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Since the US government announced that citizens who make less than $75K would receive $1,200 checks, we have found that there have been 673 newly registered domains related to the $2T stimulus package.
Unlike the domains spoofing the U.S. Census that we discovered earlier this month, these URLs aren’t intended to mimic official government websites. Rather, these domains have been set up to take advantage of the stimulus package, using common questions or key words to lure users in such as whereismystimuluscheck.com or covid-19-stimulus.com.
Where do these new domains go?
When we looked at the newly registered domains more closely, we found that nearly half of the newly registered domains hosted websites offer the following services:
- Consultancy: helping people with the paperwork to get their checks
- Calculators: asking users to enter their personal information, such as their age and address, to find out how much money they are entitled to
- Donations: giving people the opportunity to donate their check to a Covid-19 related cause
- Business loans
We also found that 7% of these spoofed domains were spam websites, with no clear call to action.
With hackers capitalizing on this global health crisis to launch targeted phishing scams, people need to be mindful of what information they share on these sites.
The thing is that cybercriminals will always follow the money, looking for ways to take advantage of the fact people will be seeking more information or guidance on the stimulus package. Although not every domain registered in the last month may be malicious, it’s possible that these websites offering consulting and business loans could be set up to trick people into sharing money or personal information.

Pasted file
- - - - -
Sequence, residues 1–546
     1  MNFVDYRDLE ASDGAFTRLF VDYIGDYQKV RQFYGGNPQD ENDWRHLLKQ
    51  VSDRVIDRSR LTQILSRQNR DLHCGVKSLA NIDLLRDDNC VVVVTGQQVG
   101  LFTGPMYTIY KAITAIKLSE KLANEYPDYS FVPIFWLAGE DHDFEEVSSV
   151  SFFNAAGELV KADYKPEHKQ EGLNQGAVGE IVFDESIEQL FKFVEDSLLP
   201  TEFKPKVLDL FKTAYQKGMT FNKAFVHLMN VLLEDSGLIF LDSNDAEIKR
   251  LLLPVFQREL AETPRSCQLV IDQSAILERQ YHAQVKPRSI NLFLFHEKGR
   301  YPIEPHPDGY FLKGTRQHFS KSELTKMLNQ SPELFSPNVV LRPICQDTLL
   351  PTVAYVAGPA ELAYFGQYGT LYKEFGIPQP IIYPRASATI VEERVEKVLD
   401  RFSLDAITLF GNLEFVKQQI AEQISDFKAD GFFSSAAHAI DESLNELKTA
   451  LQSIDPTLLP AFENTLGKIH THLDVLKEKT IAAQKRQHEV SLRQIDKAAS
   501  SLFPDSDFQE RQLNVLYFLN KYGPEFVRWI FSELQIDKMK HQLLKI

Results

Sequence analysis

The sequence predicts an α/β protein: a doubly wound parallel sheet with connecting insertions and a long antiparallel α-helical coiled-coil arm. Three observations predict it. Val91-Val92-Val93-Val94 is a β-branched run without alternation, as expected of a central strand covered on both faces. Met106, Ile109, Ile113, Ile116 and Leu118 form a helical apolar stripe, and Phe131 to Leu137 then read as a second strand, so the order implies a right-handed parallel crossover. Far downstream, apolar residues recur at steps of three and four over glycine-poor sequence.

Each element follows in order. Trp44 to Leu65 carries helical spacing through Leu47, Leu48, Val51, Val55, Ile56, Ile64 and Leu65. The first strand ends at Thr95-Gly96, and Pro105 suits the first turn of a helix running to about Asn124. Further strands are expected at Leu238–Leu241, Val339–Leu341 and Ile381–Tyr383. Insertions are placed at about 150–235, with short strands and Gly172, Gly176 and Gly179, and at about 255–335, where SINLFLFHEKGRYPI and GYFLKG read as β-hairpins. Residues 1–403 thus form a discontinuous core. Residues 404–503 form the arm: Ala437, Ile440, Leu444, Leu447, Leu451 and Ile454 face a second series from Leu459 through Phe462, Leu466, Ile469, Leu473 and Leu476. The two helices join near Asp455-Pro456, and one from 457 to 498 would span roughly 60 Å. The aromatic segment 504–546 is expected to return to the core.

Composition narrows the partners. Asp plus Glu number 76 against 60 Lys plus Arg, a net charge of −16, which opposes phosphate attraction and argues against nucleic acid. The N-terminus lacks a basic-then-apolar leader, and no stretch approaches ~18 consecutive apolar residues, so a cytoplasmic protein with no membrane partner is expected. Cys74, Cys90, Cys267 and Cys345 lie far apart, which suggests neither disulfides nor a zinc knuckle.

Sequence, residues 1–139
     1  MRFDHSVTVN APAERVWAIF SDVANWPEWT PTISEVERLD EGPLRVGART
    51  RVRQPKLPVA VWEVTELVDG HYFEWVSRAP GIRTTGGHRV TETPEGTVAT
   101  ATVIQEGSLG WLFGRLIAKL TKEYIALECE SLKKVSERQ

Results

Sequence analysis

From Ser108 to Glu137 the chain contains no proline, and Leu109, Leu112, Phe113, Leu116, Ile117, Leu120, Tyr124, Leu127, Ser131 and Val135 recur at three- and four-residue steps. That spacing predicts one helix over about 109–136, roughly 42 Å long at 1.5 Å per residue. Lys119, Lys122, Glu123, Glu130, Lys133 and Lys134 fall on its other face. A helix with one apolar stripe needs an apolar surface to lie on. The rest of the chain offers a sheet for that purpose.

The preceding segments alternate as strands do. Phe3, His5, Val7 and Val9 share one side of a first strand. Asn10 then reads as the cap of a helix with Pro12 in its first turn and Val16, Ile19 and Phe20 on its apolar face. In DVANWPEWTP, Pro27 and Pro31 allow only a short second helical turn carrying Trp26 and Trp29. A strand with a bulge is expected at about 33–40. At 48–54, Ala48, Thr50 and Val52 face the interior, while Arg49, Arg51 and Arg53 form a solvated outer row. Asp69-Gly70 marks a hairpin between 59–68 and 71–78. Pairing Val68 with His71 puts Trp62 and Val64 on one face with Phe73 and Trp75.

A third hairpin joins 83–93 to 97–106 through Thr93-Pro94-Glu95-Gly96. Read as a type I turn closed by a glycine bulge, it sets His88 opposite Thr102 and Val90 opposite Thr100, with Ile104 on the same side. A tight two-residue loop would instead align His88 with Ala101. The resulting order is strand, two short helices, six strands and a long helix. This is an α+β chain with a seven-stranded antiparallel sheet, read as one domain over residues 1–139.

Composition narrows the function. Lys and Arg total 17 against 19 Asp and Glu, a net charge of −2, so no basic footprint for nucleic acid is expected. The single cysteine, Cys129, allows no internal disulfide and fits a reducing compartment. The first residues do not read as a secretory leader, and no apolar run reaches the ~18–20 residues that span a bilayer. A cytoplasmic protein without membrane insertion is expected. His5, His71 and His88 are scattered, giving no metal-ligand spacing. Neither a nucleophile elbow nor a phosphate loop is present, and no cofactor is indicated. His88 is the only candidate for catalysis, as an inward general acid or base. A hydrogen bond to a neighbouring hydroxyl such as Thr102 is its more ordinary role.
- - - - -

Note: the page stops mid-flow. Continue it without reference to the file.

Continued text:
Our advice? Always check the URL of the domain and verify the legitimacy of the service by calling them directly before taking action.
Think twice about sharing your data
It’s also important to consider what data you are being asked to share via websites offering calculators or status checks, and what the websites offer after you have taken an action. Cybercriminals could use the information you shared to craft targeted phishing emails that include the ‘results’ of your assessment, tricking you to click on malicious links with the intention of stealing money, credentials or installing malware onto your device.
Earlier this week, the IRS launched a new online resource for citizens to check on their payment status. We anticipate that even more URLs will crop up as a result of this.
How to avoid potential scams
- Think twice before sharing personal information to calculator websites. If it doesn’t look right, it probably isn’t
- Make sure the educational sites offering consultancy services are legitimate before sharing information or money. Always check the URL and, if you’re still not sure, verify by calling the company directly
- Never share direct deposit details or your Social Security number on an unfamiliar website
- Take care when sharing your email address and other personal information on websites like the calculator ones and question the legitimacy of the emails sharing your results before clicking on any links
- Always use different passwords when setting up new accounts on these websites